2011-2012 Pac-12 Preview

The Pac-10 is now the Pac-12, with the addition of Utah and Colorado.  Arizona was the team to beat last season, and it looks like they may be it again, though UCLA, Cal, Washington, and a new look Oregon squad will all be in the hunt. The highlight of the season may be all of the talented newcomers who have made their way out west – Arizona, Washington, Oregon, and Stanford all have very good freshmen.  And who else can’t wait to see what assault on color Oregon will give us this year?  Here is the NBA Draft Blog Pac-12 Conference Preview:



Player of the Year:  Reeves Nelson, UCLA

Freshman of the Year: Josiah Turner, Arizona

Defensive Player of the Year: Jorge Gutierrez, California


Predicted finish

  1. Arizona
  2. UCLA
  3. California
  4. Washington
  5. Oregon
  6. Stanford
  7. Colorado
  8. Oregon State
  9. Washington State
  10. USC
  11. Arizona State
  12. Utah



The Good:  Derrick Williams was the #2 pick in the NBA Draft, and MoMo Jones left to head back east and play, but things just seem to be getting better for Coach Sean Miller and the Arizona Wildcats.  4 players return who averaged at least 20 minutes a game last season.  Kyle Fogg struggled at times getting good looks at the basket, but with his ability to hit the 3, he is capable of plenty of big scoring nights.  Solomon Hill is a good perimeter defender who uses his combination of speed and strength to create mismatches. Kevin Parrom has improved his mid-range jumper and uses his body well to hit the boards on both ends of the floor.  Jesse Perry is a high-energy bench player who has also improved as a scorer and rebounder.  Miller’s freshman class is loaded, bringing more athleticism and firepower to the team.  Josiah Turner should be able to step right into MoMo Jones spot as a distributor who can also create scoring opportunities.  Nick Johnson can score in a variety of ways, and he also sees the court very well.  The class also includes 2 athletic forwards in Angelo Chol and Sidiki Johnson, both who run the floor very well and can score around the basket or with the mid-range jumper.  Jordin Mayes and Brendon Lavender provide shooting off the bench.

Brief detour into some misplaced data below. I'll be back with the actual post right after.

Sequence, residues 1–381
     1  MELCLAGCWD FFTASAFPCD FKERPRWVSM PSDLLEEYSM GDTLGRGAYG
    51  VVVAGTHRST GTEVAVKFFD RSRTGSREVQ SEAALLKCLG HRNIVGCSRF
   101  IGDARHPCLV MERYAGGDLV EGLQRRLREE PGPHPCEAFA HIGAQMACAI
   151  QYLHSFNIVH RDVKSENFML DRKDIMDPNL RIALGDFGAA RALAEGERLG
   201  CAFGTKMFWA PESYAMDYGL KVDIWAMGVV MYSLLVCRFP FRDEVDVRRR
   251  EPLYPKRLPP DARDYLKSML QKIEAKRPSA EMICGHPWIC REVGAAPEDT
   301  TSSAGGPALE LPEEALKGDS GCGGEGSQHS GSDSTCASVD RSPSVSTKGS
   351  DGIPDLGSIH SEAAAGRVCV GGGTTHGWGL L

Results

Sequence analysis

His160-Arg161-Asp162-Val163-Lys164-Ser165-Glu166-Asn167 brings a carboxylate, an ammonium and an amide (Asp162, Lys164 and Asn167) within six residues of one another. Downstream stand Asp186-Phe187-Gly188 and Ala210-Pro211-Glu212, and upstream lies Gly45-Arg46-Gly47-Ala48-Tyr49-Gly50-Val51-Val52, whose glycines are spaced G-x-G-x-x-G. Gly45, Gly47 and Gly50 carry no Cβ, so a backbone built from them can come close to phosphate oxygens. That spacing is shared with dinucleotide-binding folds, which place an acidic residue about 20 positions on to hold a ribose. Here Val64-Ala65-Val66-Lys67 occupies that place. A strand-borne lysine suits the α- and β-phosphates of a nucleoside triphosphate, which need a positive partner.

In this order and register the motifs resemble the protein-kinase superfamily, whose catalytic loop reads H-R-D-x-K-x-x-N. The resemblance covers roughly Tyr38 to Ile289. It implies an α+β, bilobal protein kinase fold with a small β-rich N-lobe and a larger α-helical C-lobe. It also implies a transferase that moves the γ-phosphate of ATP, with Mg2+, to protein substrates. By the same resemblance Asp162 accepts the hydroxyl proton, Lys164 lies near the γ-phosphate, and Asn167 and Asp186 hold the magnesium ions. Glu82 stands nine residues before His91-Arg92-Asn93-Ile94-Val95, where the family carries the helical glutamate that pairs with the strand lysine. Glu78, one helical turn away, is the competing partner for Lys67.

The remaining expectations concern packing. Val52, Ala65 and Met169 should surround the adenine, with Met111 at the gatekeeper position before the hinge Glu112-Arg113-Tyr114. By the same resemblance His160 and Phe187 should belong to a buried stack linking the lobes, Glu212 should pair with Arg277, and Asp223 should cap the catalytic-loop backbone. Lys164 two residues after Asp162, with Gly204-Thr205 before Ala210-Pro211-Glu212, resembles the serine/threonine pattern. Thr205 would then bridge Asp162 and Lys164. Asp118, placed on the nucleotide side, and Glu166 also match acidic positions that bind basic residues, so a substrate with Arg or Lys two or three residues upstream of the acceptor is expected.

The Not-So-Good:  It is a strange mix that Miller will be working with this year – a lot of veteran winners, but a much more skilled group of freshmen.  Either way, the loss of Williams could still be felt, especially around the post area.  While Williams did a great job becoming a more versatile player last year, he was still the Wildcats’ best post option.  Both Hill and Perry are more comfortable facing the basket, and Chol and Johnson still need to develop strength and post skills.  Senior Alex Jacobson hasn’t seen much action, though he has the frame to compete down low.  Kyrhl Natyazhko will most likely most of the time at center, but he has always preferred showing off his perimeter skills.  All of this holds true on the defensive end as well, where the frontcourt will need do a much better job rebounding and playing post defense.  Also, while Turner and Johnson are very good for freshman, there will be a lot of pressure to keep the offense moving and to play tough defense on the perimeter.


The Question Mark:


What Will March Bring?:  Even with the loss of Williams, Arizona is still far and away the best team in the Pac 12.  A tough non-conference schedule should help the freshmen get their conference legs, and all 4 should be vital parts of the rotation come January.  Look at them winning between 23 and 25 games, the Pac12, and most likely looking at getting at least a 3 seed come NCAA Tournament time.  If the freshmen come along quickly, this is a team athletic enough to make a deep run in the Tournament.

Arizona State


The Good:  There may not be many positives from a 12-win team that lost 3 starters, but Coach Herb Sendek does have his leading scorer back in guard Trent Lockett.  Lockett has a great feel for the game, picks his spots well to go the basket and can be a tough on-ball defender.  Forward Kyle Cain is undersized at the 4 spot, but is comfortable playing with his back to the basket and using his long arms to get shots over defenders.  He also has good anticipation of missed shots and can get to rebounds quickly.  Carrick Felix and Keala King provide good depth on the wings and can be tough perimeter defenders.  Junior college transfer Chris Colvin is very quick on both ends of the floor and can provide good energy and a change of pace.


The Not-So-Good:  The eligibility of freshman star Jahii Carson is still an issue as he has not been cleared to play by the NCAA.  A speedy point guard who can score and create for others could be a game-changer if he suits up this season.  Sendek has two seven-footers on the roster, Ruslan Pateev and Jordan Bachynski, but neither has done anything to impress or warrant much more playing time, though Bachynski at 7’2 can be a deterrent in the middle.  The loss of the team’s 3 best shooters- Ty Abbott, Richard Kuksiks and Jamelle McMillan – none of who shot over 40% of three, isn’t going to be a help either.  Lockett can score, but he still needs to work on his long-range jumper.